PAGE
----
A recent storm system has deposited snow above the 9,000 foot level. Clear skies and warmer temperatures over the weekend have melted much of the snow, but expect snow and ice to linger for quite some time above 10,000 feet, especially in shaded areas.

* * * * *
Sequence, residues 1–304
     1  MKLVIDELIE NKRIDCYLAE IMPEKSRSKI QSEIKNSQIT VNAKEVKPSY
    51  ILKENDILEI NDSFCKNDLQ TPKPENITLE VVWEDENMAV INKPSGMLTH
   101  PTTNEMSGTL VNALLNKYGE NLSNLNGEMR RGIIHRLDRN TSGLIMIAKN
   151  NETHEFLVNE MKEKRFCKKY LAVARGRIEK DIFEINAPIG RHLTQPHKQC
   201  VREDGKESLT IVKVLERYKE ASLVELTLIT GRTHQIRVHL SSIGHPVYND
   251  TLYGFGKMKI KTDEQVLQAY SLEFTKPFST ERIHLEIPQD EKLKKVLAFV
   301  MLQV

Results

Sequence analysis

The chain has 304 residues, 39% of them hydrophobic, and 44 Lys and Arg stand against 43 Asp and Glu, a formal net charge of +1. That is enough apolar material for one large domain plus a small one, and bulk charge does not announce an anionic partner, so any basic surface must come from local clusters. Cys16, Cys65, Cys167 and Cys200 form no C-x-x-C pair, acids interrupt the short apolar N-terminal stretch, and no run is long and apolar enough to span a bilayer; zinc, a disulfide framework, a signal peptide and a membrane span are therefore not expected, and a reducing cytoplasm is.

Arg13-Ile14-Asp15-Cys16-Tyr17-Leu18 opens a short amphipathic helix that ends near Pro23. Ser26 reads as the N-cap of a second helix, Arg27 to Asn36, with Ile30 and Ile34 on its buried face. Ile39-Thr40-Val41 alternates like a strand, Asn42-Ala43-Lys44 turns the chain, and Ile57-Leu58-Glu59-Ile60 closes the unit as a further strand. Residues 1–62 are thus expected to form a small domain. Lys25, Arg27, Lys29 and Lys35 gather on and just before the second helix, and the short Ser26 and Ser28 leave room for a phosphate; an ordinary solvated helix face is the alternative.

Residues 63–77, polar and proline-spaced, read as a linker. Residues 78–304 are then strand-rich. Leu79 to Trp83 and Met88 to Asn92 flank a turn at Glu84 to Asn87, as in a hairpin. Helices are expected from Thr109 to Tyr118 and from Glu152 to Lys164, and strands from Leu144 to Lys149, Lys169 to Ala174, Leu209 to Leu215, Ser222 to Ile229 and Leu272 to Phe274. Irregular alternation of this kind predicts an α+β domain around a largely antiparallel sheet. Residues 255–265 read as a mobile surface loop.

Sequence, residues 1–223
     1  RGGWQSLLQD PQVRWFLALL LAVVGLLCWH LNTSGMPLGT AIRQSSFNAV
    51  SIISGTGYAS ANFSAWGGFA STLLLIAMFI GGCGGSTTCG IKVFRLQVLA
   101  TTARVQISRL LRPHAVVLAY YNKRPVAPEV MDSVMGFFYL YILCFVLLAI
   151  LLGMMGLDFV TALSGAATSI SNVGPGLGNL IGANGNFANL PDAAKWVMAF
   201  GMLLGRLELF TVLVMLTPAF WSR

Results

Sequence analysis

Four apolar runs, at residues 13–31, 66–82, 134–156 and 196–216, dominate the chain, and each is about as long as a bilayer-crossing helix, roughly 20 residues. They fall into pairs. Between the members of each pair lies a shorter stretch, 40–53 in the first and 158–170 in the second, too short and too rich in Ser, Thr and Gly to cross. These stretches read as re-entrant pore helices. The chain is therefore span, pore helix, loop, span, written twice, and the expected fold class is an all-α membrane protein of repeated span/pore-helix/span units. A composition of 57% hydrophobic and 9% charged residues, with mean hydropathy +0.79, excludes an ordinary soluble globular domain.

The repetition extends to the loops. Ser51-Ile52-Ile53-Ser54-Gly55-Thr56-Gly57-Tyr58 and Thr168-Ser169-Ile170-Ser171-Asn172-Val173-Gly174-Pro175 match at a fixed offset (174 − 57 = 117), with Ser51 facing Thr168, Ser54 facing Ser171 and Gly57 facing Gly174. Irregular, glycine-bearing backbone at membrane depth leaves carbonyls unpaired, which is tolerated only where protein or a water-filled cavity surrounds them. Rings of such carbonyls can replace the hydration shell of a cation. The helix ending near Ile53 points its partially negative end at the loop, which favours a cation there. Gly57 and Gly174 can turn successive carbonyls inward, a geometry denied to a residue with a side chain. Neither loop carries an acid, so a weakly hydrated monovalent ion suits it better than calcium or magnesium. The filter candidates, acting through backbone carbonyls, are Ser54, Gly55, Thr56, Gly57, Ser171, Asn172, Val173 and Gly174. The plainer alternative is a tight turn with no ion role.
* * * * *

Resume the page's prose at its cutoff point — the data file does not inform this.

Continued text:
Late August and early September can produce a variety of weather patterns compounded by shorter, cooler days. Conditions may be dry today, winter tomorrow, dry by the end of the week. This is a condition report that you should expect to hear until we move into a more predictable weather pattern. Climbers should expect that the likelihood to encounter afternoon storms in the Tetons to be fairly high. These storms can create and maintain alpine conditions like snow, ice and verglas. Remember that rockfall hazard increases with precipitation. Keep an eye to the sky, stay mindful that conditions are constantly changing up high and come prepared for anything. Groups of over 3 climbers will take quite a bit longer for an ascent and could put the group in jeopardy of being caught in an afternoon storm, please plan your route options carefully. Be prepared for cold ascents in the morning hours.